The main purpose of this project was to create a submission for the 1kB Challenge. It turns out that 1kB is way more than I needed for this project, so I made it my goal to make this program as small as I possibly could.
At the heart of the project is an Intel 8048 Microcontroller, which has some limitations compared to today's high end microcontrollers, but that should be expected considering it is 40 years old. It has only 64 bytes of RAM and although its maximum clock speed of 11MHz seems decent, it is divided by 15 internally (I used a 11.0592MHz crystal because I like to live dangerously).
Normally, the program for the microcontroller would be stored on the microcontroller's 1kB of ROM, but because it is one-time-programmable, I can't overwrite what is already on it. Instead, I used external EEPROM. The microcontroller will skip the program in the internal ROM and instead access external memory with the help of a 74ls373 latch if the EA pin is pulled high.
The maze is displayed on a memory LCD. These types of displays are known for their low power consumption because they do not require the display to constantly be refreshed - not that it matters here with the large amount of power consumed by the microcontroller. For most modern applications of these displays, a frame buffer is used to store image data before writing to the display, but that would require 240*400/8 = 12,000 bytes of RAM. Instead, the program writes to the LCD as the maze is being generated.
The LCD needs a square wave signal to invert the polarity a few times every second. Instead of using software to do this, I used a 7555 CMOS timer.
Software was written in assembly using the ASM48 assembler. A few tricks were used to minimize code size.
The algorithm used to generate the maze is the binary tree algorithm. This algorithm has some limitations such as having a strong diagonal bias and having straight lines along at least two edges, but it is relatively easy to implement with a small amount of RAM and code space.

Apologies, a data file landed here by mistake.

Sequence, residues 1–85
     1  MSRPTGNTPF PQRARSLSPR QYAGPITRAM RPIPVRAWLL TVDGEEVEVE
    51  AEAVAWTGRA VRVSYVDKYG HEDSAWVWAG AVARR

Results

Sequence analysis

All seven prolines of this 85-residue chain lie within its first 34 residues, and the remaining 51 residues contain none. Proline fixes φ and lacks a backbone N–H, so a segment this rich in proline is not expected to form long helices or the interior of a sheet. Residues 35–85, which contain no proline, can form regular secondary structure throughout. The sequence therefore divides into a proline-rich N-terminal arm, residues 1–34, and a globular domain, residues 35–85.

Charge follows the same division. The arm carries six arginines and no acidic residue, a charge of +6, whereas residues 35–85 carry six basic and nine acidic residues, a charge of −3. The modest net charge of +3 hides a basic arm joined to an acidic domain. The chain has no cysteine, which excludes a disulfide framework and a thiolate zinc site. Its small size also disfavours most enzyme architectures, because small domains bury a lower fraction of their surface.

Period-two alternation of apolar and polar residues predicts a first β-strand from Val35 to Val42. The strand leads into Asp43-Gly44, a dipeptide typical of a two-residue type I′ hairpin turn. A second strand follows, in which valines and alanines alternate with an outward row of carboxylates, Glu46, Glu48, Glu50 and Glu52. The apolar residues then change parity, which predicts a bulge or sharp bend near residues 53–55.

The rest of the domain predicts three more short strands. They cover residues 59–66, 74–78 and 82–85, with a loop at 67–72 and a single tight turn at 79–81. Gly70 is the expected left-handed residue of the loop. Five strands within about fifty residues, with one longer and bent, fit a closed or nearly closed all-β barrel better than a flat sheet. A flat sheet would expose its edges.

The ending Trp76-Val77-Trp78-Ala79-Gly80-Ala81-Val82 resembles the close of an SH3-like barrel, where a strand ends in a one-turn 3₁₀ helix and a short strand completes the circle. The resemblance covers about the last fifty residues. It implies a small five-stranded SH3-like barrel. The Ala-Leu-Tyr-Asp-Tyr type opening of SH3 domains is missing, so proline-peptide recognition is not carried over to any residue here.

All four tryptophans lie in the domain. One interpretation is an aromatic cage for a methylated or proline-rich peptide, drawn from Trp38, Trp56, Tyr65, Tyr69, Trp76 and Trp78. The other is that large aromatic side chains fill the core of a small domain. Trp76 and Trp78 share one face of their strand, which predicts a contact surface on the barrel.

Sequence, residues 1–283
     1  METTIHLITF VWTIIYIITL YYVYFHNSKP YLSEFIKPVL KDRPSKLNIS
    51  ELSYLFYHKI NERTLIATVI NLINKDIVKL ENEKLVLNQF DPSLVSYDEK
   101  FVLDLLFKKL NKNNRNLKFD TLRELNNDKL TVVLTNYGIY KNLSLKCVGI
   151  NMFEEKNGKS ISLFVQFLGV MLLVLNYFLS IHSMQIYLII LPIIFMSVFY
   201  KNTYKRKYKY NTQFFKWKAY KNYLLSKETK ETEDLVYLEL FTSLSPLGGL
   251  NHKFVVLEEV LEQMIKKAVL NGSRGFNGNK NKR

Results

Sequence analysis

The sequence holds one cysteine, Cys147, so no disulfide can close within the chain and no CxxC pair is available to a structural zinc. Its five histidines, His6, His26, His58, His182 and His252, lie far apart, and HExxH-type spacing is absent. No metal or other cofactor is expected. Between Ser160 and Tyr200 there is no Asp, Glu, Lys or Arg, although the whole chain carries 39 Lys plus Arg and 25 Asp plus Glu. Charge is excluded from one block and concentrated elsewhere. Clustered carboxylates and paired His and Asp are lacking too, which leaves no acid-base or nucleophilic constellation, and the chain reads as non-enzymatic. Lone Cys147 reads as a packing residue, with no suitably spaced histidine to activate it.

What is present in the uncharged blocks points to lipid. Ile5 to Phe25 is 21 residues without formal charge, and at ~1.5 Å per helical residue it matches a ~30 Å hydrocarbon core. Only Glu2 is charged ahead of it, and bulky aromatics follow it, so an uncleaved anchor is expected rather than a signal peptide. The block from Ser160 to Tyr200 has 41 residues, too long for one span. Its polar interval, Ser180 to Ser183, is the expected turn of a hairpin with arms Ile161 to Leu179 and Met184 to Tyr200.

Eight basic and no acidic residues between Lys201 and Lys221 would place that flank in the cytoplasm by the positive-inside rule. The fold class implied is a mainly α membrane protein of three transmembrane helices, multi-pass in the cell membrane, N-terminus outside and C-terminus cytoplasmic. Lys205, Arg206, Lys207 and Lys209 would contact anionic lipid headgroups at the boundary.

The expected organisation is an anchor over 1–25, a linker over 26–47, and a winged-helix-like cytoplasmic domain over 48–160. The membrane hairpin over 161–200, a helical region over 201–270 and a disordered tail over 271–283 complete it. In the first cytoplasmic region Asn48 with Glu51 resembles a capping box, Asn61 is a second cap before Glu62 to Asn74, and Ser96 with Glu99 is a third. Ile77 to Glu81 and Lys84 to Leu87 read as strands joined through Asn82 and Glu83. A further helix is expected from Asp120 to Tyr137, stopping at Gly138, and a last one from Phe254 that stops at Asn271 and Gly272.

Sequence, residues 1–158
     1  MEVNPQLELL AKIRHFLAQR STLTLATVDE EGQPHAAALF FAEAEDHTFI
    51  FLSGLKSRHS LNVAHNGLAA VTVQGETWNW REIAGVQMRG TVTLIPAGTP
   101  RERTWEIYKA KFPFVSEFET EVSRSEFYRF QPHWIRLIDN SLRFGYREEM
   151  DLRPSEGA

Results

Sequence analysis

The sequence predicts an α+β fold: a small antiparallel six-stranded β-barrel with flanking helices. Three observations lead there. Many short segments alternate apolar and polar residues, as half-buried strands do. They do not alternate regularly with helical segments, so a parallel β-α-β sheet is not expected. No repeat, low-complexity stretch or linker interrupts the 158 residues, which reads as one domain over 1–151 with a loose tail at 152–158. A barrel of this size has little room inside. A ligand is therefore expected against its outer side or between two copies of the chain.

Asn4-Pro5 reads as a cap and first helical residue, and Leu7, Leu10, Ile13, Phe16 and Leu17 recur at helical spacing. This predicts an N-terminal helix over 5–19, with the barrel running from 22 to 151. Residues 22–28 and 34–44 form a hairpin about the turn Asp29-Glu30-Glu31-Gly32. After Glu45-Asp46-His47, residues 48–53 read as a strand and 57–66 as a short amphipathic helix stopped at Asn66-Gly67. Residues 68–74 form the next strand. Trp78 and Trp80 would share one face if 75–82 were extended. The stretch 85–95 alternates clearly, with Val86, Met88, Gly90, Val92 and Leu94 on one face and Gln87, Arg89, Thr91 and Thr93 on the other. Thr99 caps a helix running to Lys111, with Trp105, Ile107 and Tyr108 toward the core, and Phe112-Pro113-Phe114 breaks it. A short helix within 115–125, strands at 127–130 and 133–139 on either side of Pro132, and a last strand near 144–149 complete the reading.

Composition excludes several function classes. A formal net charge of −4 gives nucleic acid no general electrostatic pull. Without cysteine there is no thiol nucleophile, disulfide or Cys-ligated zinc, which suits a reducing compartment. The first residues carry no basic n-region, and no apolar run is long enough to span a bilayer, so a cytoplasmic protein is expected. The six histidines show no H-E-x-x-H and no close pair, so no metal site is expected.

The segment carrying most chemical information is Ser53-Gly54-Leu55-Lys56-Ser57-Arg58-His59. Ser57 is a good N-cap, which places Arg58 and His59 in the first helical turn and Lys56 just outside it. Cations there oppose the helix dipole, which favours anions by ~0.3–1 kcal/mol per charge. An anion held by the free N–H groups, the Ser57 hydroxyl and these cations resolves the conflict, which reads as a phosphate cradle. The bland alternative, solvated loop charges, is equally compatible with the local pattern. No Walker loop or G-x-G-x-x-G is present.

Random-ish numbers based on the row and column are generated for each grid square in the maze to determine if that square will have an opening downwards to to the right. The formula used is: rr(row + column) ^ row (where rr is the rotate right assembly instruction). The parity of that result is calculated. If it is 0, the square will have an opening to the right. If it is a 1, the square will have an opening on the bottom. This method isn't perfect, but it works good enough for my purpose.
Data is written to the LCD one line at a time. Each command to write a line needs to contain the row number, but the row numbers are backwards for some reason (ie 0b10000000 = row 1 and 0b01000000 = row 2). Instead of incrementing the row and then reversing the number, I made it so that my SPI write function writes all data backwards (LSB first). Then I just had to make sure that all other data using that SPI write function is backwards.
The time from when power is applied to when the maze is finished being drawn is about 2.5 seconds.
The whole program uses only 9 bytes of RAM. 4 bytes are used for the stack, and 5 bytes of general purpose registers are used. By not needing to address any RAM, I saved some program space, but it makes it difficult to keep track of which functions are using which general purpose registers. Therefore, expanding this program would be difficult.
The total program size is 117 bytes.